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seen Aug 5 at 23:11

Jul
7
comment confusion on using nodejs within an actual web application or ide
Having said that, if you find a compelling need for node.js in your application, you would almost definitely do what @Oded suggested. You would use HTTP (most likely) to communicate from the main part of your application or web page to/from your node process. I think that's a perfectly valid approach.
Jul
7
comment confusion on using nodejs within an actual web application or ide
Oh, I totally agree. I've been dabbling with node.js off and on over the last few years as well. It's probably a good thing to get familiar with. I just think you're likely to get a bad taste in your mouth about it by going down this path. If you're keen to learn javascript in general, you may be better served by using something like jQuery on your ASP.net pages. That seems like a much more appropriate context for diving into javascript in your project. Granted they serve different purposes, but in terms of sheer usage, I think jQuery is more widely used than node.js...don't quote me on that!
Jul
4
answered confusion on using nodejs within an actual web application or ide
Dec
23
awarded  Popular Question
Oct
4
comment Should we quit trying to do agile if QA takes 12 weeks?
You are 100% correct. Your three items are good advice. I can only affect so much change as a single developer, but I can try to lead by example and see if some QA people want to come along for the ride. My biggest frustration is that nobody else really seems to care, which is obviously a huge barrier to the successful turn around required. Most people on the team are just happy to continue with the status quo; at least that's my impression.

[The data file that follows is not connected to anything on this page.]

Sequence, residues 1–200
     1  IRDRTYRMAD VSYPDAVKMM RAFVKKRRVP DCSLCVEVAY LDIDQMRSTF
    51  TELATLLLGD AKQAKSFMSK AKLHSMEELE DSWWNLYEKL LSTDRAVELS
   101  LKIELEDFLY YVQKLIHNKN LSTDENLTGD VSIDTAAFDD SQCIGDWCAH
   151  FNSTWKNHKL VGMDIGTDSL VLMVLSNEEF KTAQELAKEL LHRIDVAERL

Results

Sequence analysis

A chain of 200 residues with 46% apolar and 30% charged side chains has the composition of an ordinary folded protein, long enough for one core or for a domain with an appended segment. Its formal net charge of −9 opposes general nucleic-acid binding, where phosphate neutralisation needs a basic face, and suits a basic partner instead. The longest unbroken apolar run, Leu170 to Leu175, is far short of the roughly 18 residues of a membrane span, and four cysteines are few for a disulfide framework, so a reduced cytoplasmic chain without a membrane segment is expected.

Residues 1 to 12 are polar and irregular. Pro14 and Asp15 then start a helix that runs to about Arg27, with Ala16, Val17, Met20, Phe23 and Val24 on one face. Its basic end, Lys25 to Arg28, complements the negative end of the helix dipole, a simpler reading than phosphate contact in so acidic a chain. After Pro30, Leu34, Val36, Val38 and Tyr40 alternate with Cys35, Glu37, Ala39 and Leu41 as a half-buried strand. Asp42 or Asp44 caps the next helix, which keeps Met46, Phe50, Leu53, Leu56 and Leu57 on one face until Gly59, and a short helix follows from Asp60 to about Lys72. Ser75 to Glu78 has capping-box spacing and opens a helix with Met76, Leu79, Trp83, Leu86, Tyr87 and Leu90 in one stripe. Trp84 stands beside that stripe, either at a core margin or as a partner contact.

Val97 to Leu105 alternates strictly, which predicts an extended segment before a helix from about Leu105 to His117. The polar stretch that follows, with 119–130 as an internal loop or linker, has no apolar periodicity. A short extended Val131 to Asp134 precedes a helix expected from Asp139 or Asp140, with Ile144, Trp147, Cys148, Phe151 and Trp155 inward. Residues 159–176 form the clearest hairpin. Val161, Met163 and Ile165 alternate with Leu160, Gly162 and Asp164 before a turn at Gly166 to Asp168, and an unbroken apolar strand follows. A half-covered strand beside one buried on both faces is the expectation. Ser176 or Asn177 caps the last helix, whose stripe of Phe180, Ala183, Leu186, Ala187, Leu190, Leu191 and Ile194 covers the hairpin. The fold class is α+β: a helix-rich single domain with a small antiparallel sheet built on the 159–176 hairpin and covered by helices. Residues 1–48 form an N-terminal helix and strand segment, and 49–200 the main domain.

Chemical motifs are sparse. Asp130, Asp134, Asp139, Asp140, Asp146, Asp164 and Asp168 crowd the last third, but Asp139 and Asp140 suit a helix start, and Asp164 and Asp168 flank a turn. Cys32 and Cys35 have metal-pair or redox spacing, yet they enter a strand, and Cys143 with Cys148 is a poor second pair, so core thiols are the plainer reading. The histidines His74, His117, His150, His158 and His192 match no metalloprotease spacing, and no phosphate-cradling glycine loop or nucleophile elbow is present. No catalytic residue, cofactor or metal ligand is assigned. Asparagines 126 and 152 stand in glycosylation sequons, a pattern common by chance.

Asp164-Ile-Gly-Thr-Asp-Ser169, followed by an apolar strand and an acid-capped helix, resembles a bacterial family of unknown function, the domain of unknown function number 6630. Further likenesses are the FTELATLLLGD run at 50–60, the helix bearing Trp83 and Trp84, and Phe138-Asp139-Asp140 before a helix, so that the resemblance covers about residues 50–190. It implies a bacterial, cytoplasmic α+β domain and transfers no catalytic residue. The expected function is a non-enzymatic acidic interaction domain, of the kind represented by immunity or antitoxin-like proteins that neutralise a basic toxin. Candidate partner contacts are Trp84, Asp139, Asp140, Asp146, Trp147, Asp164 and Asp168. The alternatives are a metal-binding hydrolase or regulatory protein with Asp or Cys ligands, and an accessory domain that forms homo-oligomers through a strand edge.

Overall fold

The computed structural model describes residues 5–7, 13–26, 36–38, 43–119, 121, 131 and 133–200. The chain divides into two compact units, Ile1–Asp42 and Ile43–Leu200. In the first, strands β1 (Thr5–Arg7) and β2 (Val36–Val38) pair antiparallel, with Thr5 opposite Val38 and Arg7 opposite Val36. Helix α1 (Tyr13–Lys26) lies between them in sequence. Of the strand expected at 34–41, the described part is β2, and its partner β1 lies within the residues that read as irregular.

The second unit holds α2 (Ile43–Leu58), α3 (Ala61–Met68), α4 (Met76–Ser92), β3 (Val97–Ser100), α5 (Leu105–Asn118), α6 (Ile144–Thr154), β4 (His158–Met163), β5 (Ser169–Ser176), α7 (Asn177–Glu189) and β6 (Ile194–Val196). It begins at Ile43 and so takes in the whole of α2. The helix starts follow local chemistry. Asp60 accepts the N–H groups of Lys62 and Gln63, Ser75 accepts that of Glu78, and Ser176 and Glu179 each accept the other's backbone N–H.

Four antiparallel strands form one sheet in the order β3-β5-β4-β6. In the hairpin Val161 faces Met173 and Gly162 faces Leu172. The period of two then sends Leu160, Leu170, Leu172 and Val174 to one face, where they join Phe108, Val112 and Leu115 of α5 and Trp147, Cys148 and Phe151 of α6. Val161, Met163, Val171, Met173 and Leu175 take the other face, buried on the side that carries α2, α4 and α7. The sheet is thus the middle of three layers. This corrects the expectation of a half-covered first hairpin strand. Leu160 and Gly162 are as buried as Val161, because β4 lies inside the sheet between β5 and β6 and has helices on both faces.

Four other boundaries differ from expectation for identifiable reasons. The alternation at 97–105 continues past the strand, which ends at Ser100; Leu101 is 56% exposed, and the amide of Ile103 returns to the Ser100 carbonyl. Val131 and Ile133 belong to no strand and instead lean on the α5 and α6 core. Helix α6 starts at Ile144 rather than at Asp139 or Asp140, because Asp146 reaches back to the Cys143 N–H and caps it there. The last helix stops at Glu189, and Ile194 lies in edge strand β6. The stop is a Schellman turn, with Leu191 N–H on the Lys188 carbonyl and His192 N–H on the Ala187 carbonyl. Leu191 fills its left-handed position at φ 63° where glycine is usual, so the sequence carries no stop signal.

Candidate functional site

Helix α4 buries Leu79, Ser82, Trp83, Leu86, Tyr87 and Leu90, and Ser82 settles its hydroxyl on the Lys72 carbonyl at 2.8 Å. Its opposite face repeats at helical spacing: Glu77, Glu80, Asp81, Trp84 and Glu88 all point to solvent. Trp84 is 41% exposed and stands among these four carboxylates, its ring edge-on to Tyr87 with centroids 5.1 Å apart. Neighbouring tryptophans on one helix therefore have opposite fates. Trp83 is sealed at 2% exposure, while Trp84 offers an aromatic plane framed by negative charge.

Oct
4
comment What Types of Stories Should Be In a Sprint Review?
Sorry for the delay in accepting. Your answer is reasonable, and you bring up some great questions. My question came from a place of frustration, because our Agile effort is completely derailed. But it's like talking to a brick wall trying to get any realistic assessment of the situation. We have new PLM on board, and I think these questions you pose in your final paragraph are a good starting point to begin the conversation with her to hopefully get a fresh start. Thanks.
Oct
4
accepted What Types of Stories Should Be In a Sprint Review?
Sep
1
awarded  Editor
Sep
1
revised What Types of Stories Should Be In a Sprint Review?
Edited to be more direct instead of being a rant.
Sep
1
comment What Types of Stories Should Be In a Sprint Review?
No, not really concerned, because these are arguments I'm prepared to make with the necessary people internally. The post is a bit of a rant though, so I'm going to edit it.
Aug
31
asked What Types of Stories Should Be In a Sprint Review?
Aug
19
awarded  Nice Question
Jul
28
comment Should we quit trying to do agile if QA takes 12 weeks?
Thanks for the conversation guys, it was very valuable to me. I think it'll be valuable to strive to include QA in the iteration and think of our product not as a whole but rather as the smaller components that constitute the whole. This seems like a good plan to address the situation.
Jul
28
awarded  Scholar
Jul
28
accepted Should we quit trying to do agile if QA takes 12 weeks?